President Obama joins Rep. John Lewis (D-Ga.) and Valerie Jarrett, senior White House adviser, to address the 50th anniversary of the Voting Rights Act on Aug. 6.
(Courtesy of the White House via Twitter)
Special to the NNPA from The Washington Informer
On the 50th anniversary of the Voting Rights Act, President Obama on Thursday praised the bravery of the civil rights activists who pushed for the landmark law in the face of virulent and institutional racism and hatred.
“Our country changed for the better because those marchers chose to do the hard thing. They chose to fight for it,” he said. “They risked bodily harm for it. And each day, they woke up and picked up that work again.”
The 1965 law, signed by President Lyndon B. Johnson, required nine mostly Southern states with a history of discrimination at the polls to get approval from the U.S. Justice Department or a special panel of judges before any changes to voting laws.
The law also applied to a dozen U.S. cities and 57 counties around the nation and the mandates put in place served to protect Black and minority voters who had no protections before the law’s implementation.
The historic law was largely spurred by the Martin Luther King Jr.-led marches in Alabama from Selma to Montgomery, particularly the March 7, 1965, demonstration known as “Bloody Sunday,” in which unarmed protestors were savagely beaten by law enforcement officials.
“And on one afternoon, two visions of America met on the Edmund Pettus Bridge,” President Obama said. “Those non-violent marchers, representing the idea that all men and women are created equal and deserved to be treated as such, stared into the faces of those who re-presented a South that stood for the racial segregation and oppression of Jim Crow.”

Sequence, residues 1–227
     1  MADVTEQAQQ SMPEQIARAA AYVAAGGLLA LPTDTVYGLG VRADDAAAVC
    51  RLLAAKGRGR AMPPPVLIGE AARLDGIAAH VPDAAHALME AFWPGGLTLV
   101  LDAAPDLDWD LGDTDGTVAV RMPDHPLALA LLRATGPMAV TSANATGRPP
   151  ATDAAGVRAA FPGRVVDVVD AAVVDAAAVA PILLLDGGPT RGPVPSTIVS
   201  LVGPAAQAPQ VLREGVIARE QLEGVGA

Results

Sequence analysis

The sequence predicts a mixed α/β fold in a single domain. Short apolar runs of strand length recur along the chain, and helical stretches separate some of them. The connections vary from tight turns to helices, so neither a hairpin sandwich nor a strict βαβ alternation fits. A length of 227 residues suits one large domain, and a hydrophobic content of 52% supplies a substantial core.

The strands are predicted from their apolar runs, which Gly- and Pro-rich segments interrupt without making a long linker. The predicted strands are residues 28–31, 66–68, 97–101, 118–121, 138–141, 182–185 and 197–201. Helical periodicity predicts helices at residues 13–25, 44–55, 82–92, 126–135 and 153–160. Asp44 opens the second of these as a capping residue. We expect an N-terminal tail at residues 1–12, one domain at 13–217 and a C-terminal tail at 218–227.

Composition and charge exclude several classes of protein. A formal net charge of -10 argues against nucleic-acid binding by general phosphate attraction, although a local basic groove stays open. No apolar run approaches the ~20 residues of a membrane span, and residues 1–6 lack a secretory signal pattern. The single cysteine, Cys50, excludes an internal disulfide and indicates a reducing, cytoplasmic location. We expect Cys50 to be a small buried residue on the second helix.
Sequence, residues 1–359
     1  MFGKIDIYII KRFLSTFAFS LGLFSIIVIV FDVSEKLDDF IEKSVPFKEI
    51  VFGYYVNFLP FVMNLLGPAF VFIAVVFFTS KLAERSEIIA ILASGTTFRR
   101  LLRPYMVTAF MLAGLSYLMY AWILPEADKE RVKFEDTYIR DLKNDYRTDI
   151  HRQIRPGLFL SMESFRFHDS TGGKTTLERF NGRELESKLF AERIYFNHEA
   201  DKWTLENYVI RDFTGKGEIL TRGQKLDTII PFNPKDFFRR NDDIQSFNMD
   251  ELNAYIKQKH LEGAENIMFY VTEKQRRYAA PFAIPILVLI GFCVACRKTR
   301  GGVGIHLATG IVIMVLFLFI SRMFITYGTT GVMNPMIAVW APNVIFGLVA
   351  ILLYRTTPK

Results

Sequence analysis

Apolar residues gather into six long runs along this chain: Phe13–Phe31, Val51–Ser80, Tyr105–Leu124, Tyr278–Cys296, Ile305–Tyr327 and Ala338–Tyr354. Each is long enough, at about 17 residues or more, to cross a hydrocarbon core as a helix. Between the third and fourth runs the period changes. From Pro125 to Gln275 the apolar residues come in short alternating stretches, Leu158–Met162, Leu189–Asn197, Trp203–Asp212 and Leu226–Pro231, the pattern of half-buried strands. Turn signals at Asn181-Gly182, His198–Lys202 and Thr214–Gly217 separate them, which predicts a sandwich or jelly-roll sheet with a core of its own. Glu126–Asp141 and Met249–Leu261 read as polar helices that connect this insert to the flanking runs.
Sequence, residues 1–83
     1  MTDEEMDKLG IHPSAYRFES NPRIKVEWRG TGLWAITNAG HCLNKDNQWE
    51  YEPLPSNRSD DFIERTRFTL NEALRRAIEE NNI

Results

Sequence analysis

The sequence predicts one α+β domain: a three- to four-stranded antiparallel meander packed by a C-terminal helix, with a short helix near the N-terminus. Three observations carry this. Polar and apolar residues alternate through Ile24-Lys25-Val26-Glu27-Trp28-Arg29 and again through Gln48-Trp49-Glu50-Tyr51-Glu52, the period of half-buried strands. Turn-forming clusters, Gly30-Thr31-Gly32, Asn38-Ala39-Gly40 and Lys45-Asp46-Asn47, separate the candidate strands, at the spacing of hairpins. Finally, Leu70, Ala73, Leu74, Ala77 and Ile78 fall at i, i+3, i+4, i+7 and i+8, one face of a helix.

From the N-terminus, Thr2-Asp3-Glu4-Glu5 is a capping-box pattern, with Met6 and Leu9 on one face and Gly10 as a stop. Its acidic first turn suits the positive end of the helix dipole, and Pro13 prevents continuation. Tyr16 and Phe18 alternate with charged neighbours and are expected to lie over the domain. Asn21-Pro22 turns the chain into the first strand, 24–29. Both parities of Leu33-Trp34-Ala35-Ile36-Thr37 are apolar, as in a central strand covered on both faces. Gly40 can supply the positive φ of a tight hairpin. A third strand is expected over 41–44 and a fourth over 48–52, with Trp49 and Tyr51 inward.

But civil rights leaders contend a 2013 ruling by the Supreme Court has severely weakened the law and put minorities’ voting rights in jeopardy.
The court struck down a key provision of the law that provided a formula by which to identify states requiring federal oversight because of a history of discrimination against Blacks and minorities, deeming it outdated and unnecessary.
Since then, activists and politicians alike — the President included —alike have pushed for restoration of the voter protections.
President Obama said the situation is exacerbated by people not exercising their right to vote. He chided those with apathetic views toward voting and implored them not to let frustration with slow-moving politics in Washington prevent them from going to the polls.
“As shameful as it is that laws are being designed to keep people away from the polls, here’s something just as troubling — if not worse: Among those of us who can vote, far too many of us choose not to,” he said. “When we sit at home on Election Day, we give away our power. We give away our voice. We give away our ability to help shape the future of our communities and this country we love.
“There is no possible excuse for it,” he said.